Can you say 'Jökulsárlón'... backwards?

posted 11 Jul 2018, 12:01 by Lodzer Shabbat-Bulletin

Can you say 'Jökulsárlón'...

backwards?

The weather seems to have cooled down in Toronto over the weekend. Down here though, it's outrageously hot, at nearly 11°C (make that -2 with the windchill).


The Ice Lagoon is located at the southern end of the Vatnajökull glacier, right behind the infamous Eyjafjallajökull volcano; that's the one that erupted 10 years ago, at once blocking the flights over Europe and twisting the tongues of TV anchors worldwide for the better part of a week.


Kosher tourism in Iceland is growing at an alarming rate. When I wrote to you from here a year ago, Hallgrim's church was the "closest" you could find here to a synagogue. Now, there is a full-time Chabad presence in the country, with a weekly minyan and even the possibility of kosher catering (dairy only, for the moment. $60 for the basic meal option, which is kinda normal for Iceland).


You should see how wildly happy Israelis become at the sight of such quantities of ice! Those icebergs are young, the ice is about 1,000 years old. Tastes quite fresh, though.



Ice is not mentioned in the Torah even once (unless you count hail among the ten plagues). The first time it appears in the Tanach is the 2nd Book of Samuel, then - Isaiah, Ezekiel, the Minor Prophets, nine times in the Psalms, and finally, four very poetic occasions in Job.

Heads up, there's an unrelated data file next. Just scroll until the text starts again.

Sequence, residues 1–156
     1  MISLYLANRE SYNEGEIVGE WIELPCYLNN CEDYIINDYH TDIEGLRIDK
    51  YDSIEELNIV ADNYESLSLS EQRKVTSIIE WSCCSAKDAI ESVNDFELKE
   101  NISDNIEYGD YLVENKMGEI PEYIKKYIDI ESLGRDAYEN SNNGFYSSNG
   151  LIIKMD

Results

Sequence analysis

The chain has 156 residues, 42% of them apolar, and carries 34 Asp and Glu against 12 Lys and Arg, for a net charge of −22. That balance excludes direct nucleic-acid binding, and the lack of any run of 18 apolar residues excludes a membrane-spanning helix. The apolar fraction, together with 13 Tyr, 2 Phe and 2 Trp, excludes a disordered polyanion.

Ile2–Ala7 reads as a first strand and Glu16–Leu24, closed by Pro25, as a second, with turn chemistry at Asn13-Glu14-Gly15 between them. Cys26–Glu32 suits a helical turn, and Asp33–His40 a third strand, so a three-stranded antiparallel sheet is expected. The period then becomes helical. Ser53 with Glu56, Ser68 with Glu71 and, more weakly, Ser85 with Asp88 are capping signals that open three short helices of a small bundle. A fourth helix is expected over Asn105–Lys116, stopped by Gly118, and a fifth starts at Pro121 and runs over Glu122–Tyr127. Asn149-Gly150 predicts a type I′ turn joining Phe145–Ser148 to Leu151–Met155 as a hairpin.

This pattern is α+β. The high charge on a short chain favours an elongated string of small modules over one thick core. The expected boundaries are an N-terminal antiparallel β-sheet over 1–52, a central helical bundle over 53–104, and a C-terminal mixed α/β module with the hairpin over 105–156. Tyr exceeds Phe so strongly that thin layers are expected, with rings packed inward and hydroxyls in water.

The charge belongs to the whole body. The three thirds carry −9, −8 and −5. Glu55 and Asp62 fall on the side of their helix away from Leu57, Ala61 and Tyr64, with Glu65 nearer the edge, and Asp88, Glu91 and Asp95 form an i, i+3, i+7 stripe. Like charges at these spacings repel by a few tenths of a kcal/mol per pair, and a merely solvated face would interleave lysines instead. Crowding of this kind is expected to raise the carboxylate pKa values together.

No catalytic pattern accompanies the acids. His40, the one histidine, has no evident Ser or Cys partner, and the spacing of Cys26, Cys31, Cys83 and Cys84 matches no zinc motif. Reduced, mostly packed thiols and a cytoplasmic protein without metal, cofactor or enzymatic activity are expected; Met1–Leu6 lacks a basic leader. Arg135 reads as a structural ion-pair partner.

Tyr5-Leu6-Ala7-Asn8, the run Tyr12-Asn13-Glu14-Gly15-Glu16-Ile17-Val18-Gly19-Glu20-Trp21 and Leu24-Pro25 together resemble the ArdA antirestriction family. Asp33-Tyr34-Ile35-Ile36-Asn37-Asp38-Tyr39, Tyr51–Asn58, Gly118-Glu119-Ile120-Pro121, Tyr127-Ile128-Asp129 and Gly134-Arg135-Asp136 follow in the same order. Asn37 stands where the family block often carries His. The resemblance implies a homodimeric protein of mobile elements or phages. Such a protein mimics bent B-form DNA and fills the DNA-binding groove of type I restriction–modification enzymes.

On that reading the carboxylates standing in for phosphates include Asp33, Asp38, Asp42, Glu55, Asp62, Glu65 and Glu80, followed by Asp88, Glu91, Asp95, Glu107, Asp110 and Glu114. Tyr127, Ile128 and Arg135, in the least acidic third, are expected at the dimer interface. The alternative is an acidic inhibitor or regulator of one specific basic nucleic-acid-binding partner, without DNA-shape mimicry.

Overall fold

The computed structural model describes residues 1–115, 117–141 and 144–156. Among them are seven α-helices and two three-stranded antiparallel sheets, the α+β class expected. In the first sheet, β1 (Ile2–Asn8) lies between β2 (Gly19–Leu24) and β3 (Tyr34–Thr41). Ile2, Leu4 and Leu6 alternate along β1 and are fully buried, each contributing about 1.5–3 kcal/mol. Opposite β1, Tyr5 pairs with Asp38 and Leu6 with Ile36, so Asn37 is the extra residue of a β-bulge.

By the breath of God the ice is formed, and the wide waters freeze solid

Iyov, 37:10


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Many thanks to everyone who responded to my Scottish Bar-Mitzvah message. It was heart-warming to receive so many messages. I promise to answer everybody in person, hopefully before Shabbat.


A small extra bit of trivia for you; bet you didn't know what an utterly Jewish instrument the bagpipe was.

In fact, Jewish sources depict playing bagpipes as early as 700 years ago!


Judge for yourself:



The Barcelona Haggadah is a 14th c illustrated manuscript. (I did not make it up, this stunningly illustrated Haggadah can be viewed in the British Library.)


And - at last, after many years of this frustrated and suppressed desire - I got to hear Tumbalalaika played on the bagpipe! You would have to admit, hearing it once, Tumbalalaika and the bagpipe were made for each other.


Wishing you warmly Shabbat Shalom from the sunny Iceland,


Looking forward to see you next week.


RE


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